From Zombies to Caching: Meet Smudgy Games

When computer-game producer Edios – famous for titles such as Tomb Raider: Underworld and Batman: Arkham Asylum – closed its office in Sweden in 2008, it would have been easy for programmers René Højstrand and Alex Hartly to look for work at another gaming giant.

But they didn’t. With the quickly evolving smartphone market coming to the fore, they had been throwing around ideas of  “making something for the iPhone”, making the decision to strike out on their own an easy one. And so, in late 2008, Smudgy Games was formed.
If you own an iOS device, you may be familiar with some of their games already. Zombie Nombie, a pocket-sized zombie head that you poke, spin and smack for fun, is my personal favourite.
While Smudgy Game is not yet a household name in geocaching circles, it may soon become one with the recent release of the company’s geocaching application, iGeoKnife.
I reviewed iGeoKnife at the beginning of the month and, being extremely impressed by the app, gave it 4/5 satellites.

René, the geocacher of the two programmers, had wanted a database-driven geocaching app for iOS since he took up the hobby in 2010.

“Being able to browse all ‘my’ caches offline on my mobile device, without first setting up filters in GSAK and exporting as gpx, is something I have been missing for a long time.”

With a number of geocaching iOS apps already on the market, the pair wanted to achieve something the other developers hadn’t.

“Being able to bring all caches in GSAK with you and access them in a fast and intuitive way.  You only have to deal with PQs when you work with GSAK. And when you want to go mobile you just copy your databases over.  That, combined with fast filtering and sorting is something I haven’t seen so far.”

But don’t mistake iGeoKnife as an alternative for GSAK. “iGeoKnife is more meant to be a GSAK browser plus some navigation tools. Our aim is to continue evolving the app and add features as we go along. But it’s not meant to replace GSAK, it’s more like an extra tool in ‘the Swiss Army knife’.”

One of the neatest tricks in the iGeoKnife set is its ability to automatically update you GSAK database in iGeoKnife. All you have to do is add the GSAK database file to iGeoKnife in iTunes and each time you sync it will be updated.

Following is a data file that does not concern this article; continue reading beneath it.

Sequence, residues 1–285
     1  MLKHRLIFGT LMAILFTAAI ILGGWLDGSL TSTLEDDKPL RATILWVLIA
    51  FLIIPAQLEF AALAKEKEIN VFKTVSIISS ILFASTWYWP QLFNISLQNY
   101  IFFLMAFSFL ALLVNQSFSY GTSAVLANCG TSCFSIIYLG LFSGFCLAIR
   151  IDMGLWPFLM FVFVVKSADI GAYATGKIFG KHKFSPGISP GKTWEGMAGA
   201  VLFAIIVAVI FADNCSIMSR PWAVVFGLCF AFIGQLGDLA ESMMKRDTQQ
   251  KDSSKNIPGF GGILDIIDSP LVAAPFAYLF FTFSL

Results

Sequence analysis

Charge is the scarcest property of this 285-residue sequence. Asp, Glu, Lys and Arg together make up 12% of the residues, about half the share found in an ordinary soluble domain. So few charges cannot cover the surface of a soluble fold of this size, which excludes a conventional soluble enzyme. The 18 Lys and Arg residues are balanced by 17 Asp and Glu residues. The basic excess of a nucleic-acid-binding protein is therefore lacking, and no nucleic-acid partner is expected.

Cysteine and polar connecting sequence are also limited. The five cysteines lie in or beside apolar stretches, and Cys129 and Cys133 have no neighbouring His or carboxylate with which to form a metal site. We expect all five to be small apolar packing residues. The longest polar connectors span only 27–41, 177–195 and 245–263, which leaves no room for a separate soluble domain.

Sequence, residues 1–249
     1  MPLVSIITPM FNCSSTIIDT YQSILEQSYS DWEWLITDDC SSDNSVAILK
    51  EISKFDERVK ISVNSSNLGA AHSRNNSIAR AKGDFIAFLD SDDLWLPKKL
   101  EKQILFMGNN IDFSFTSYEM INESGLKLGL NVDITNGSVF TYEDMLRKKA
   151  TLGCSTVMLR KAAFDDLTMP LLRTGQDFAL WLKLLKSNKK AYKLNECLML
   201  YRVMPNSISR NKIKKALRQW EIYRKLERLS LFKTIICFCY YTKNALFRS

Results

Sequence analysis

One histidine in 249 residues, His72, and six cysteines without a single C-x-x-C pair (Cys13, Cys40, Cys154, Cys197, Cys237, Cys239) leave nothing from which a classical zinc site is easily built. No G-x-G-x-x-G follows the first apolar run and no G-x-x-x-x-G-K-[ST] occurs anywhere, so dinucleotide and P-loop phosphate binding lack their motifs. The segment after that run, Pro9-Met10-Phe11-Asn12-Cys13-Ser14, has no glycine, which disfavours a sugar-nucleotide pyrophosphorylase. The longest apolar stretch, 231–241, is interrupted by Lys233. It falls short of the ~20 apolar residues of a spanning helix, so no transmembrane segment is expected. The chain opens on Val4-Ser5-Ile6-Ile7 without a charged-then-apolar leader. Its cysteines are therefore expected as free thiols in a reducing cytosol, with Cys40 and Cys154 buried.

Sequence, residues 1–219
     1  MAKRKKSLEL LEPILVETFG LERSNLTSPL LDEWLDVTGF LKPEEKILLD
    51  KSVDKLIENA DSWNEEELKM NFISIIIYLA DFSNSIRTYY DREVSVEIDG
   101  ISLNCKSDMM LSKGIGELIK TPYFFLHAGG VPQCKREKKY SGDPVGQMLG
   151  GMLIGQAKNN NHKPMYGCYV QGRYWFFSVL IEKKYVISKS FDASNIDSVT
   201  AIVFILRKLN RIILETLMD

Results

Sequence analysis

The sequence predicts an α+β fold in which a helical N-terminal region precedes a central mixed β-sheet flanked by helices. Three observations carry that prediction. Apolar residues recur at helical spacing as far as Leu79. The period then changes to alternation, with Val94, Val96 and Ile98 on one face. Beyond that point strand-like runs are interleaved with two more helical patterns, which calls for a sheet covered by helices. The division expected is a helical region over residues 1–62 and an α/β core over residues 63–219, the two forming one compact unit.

The custom filter settings

Like all good programmers, René and Alex haven’t finished developing iGeoKnife yet. In future, they plan to introduce the following features:

  • Extend the filtering;
  • Extend the GPX/ZIP handling even more;
  • Geocaching tools for solving puzzles;
  • Searchable logs;
  • Searchable user-waypoints;
  • Offline maps.

And they’re willing to hear requests! “We also hope to get some feedback from customers, if they feel something is missing we will look into that.”

You’d would think that designing a database-driven geocaching app would be a bit dry after creating games such as Zombie Nombie and 3 Blind Mice but this is apparently not the case. “The process is very much the same, though it’s completely different fields. Developing iGeoKnife was just as fun to develop as any of our games.”

René (GC handle: Teamhoejstrand) now uses iGeoKnife as his primary geocaching app but still has a Garmin Oregon 450T as a backup. His introduction to the world of geocaching came after his daughter went caching with a friend’s family.

“I went on the net for more information about it and did end up at Geocaching.com. After reading a bunch of information, I downloaded the free app from Groundspeak to my iPhone. The following weekend we went out trying to find the nearest three caches. After that, the whole family was hooked.”

You might also think that it would be all about the numbers for a man who created a geocaching database app. “Not that much. I keep our statistics up to date. But it’s not a ‘religion’ to me. But we do use the statistics as ‘inspiration’ sometimes, e.g: if we just need a couple of points to get a new/better badge.”

Looking to the future of geocaching, René believes that eventually only hardcore geocachers will be using traditional GPSrs. “Right now, a traditional GPS is still superior in terms of accuracy, roughness and battery lifetime. In terms of user interface and user experience, the smartphone is way ahead …”

Overall, the future of geocaching looks bright, he says. “Exactly what to expect is hard to say. But it’s clear that more and more people are getting into the game. So hopefully we will see more and exciting caches popping up all over the world. And who knows? Maybe new types of caches will be invented too.”


  1. Edd De Clercq


    iGeoKnife is indeed a nice tool, but I have a remark on:

    “One of the neatest tricks in the iGeoKnife set is the ability to automatically update you GSAK database in iGeoKnife. All you have to do is add the GSAK database file to iGeoKnife in iTunes and each time you sync it will be updated.”

    AFAIK this isn’t true, unless the newer versions does support this (which I didn’t try yet). The database is not synchronized, you have to copy the file over each time.


    1. Cumbyrocks

      You are correct and I am getting my apps mixed up. iGeoKnife doesn’t (yet) auto-update the database. Thanks Eddy.

  2. Suzanne

    Can anyone tell me why my downloaded files with proper names when syn’d from itunes who up in igeoknife as sqlite.db3 instead of the name given it when added to itunes

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